At the end of the gardening season, when the vegetable plants stop producing and the foliage begins to die, it's time to tidy up for winter.
You can, of course, simply walk away and leave your vegetable garden until spring. I'd be lying if I claimed I had never done that. However, if you can spare a couple of hours now, you will save yourself even more work in the spring, when the ground will be harder to till and you may even have to burn off the dead stuff that's still standing.
As a bonus, you will improve your soil and reduce the chance that diseases will take hold in your garden.
It's also worth noting that in a large vegetable garden, you don't have to wait until everything is done growing to begin your end-of-the-season cleanup. As you finish harvesting a crop, go ahead and clean up that section of the garden.
First, remove any plants that show signs of disease, as well as the mulch around them, and burn them. Don't toss them on your compost pile, or you'll reintroduce the disease to your garden later.
Particularly if you've had any signs of disease on your tomato plants, you probably should sterilize the soil. Tomato diseases can be stubborn and destructive, and they overwinter in the soil and on garden tools.
You can sterilize the soil by covering it in plastic to heat it. Old but clean shower curtains and plastic tarps work well, or you can buy a roll of heavy plastic. Cover the infected area and weight the corners and edges of the plastic with bricks or rocks, then cover the edges with dirt. The point is to seal the edges to keep in as much heat as possible.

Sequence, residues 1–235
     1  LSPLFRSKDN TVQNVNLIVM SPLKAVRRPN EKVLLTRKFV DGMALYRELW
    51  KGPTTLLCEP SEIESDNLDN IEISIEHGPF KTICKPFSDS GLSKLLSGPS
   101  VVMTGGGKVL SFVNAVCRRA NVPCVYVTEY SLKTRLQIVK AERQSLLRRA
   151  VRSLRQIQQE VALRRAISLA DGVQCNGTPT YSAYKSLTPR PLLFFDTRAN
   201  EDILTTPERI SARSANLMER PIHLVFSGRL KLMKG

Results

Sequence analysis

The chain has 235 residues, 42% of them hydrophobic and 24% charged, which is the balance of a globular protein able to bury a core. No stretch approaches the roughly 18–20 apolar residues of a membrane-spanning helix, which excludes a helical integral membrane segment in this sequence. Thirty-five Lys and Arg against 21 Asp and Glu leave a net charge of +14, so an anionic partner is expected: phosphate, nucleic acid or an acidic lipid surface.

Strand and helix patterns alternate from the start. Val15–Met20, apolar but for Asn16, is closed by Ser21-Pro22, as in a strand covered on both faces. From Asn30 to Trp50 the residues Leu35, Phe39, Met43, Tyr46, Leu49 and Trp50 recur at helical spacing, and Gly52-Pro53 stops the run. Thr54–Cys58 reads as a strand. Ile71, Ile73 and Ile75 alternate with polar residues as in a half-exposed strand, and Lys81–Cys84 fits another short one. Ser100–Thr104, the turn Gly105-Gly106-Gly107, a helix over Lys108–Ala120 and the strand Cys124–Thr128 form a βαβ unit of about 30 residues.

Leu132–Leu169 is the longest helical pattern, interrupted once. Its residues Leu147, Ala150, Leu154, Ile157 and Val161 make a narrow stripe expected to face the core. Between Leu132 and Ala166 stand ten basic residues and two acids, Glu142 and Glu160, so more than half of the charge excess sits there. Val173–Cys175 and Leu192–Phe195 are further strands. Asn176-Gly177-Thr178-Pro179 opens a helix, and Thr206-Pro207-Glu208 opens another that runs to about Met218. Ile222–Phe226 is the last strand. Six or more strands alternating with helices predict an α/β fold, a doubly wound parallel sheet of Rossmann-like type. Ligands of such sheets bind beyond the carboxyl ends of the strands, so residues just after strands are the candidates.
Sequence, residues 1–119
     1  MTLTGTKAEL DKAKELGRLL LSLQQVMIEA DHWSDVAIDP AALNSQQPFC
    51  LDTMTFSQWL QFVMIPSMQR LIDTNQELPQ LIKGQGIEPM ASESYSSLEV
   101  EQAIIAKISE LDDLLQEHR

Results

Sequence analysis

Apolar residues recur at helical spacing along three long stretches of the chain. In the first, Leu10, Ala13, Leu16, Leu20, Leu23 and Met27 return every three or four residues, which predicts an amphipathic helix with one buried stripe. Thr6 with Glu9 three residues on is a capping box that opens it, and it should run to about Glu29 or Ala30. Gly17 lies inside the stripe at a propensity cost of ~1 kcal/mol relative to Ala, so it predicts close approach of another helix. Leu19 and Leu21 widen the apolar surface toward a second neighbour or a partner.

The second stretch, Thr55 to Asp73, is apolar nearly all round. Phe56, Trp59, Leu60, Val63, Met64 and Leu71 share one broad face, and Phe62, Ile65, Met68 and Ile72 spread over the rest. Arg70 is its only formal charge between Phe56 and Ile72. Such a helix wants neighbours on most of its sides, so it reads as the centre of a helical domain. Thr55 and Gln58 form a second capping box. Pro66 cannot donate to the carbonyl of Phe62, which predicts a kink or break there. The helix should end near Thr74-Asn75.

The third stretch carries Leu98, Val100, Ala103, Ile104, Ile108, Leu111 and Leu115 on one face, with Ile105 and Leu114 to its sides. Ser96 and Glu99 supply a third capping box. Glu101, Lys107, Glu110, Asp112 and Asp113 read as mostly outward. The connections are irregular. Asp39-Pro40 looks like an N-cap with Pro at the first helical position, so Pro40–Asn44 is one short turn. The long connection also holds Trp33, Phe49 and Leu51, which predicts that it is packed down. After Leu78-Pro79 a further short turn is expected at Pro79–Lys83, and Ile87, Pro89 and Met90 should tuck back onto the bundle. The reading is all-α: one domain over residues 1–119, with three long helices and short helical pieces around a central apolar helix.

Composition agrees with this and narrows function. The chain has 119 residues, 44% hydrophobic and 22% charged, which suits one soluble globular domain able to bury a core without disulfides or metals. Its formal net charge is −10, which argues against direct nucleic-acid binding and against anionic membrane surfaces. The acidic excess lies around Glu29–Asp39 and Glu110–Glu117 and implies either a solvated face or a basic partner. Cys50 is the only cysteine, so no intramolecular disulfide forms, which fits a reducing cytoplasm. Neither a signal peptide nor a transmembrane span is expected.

It's best to begin this process while the temperatures are still warm. Leave the plastic in place for at least two months. At that point, you can till the soil.
On parts of the garden that appear to be disease-free, you can either remove the plants and mulch to your compost pile, or compost the plants and mulch directly into the soil. Some gardeners prefer the latter approach as a no-fuss way to amend the soil with organic matter.
To compost the healthy plants and mulch in the garden, uproot the plants and lay them on the ground. Corn stalks and tomato plants can be very difficult to uproot until the plant is entirely dead. You may need to use large shears to cut the plants off just above ground and then to break up the plants themselves.
Run over the mulch and plant material with a lawn mower to break it up. The kitchen equivalent for what you are doing here is mincing. When you have everything ground up, till it under.
This also is an opportunity to incorporate finished compost, grass clippings and leaves into the garden. Spread them on the surface of the soil before you fire up the tiller.
Some gardeners leave compostable material, including kitchen scraps, intact on the top of the soil. A couple of red flags should go up here. First of all, the kitchen scraps will invite all manner of creature into your garden. Trust me, you don't want animals to become accustomed to eating in your garden. Second, organic matter that rots on the surface of the soil really isn't doing the soil any good.
Your end-of-the-season tilling should draw the organic material down into the top 6 inches of the soil, where decomposition happens fairly quickly. For best results, do a crisscross tilling. For example, till the garden or a section of it with north-south passes, then go back and retill the area with east-west passes. In this way, you will make sure that no earth remains unturned. Many tillers invariably leave a ridge of untilled dirt, even when you overlap your rows.
If you go through this process, your soil will be easier to work and your yields will be better next spring. In the best-case scenario, you'll also find a warm day in February or early March to till the garden again, to aerate the soil before the new gardening season begins.
When she's not writing about foods and gardening, Gwyn Mellinger is teaching journalism at Baker University. Her phone number is (785) 594-4554.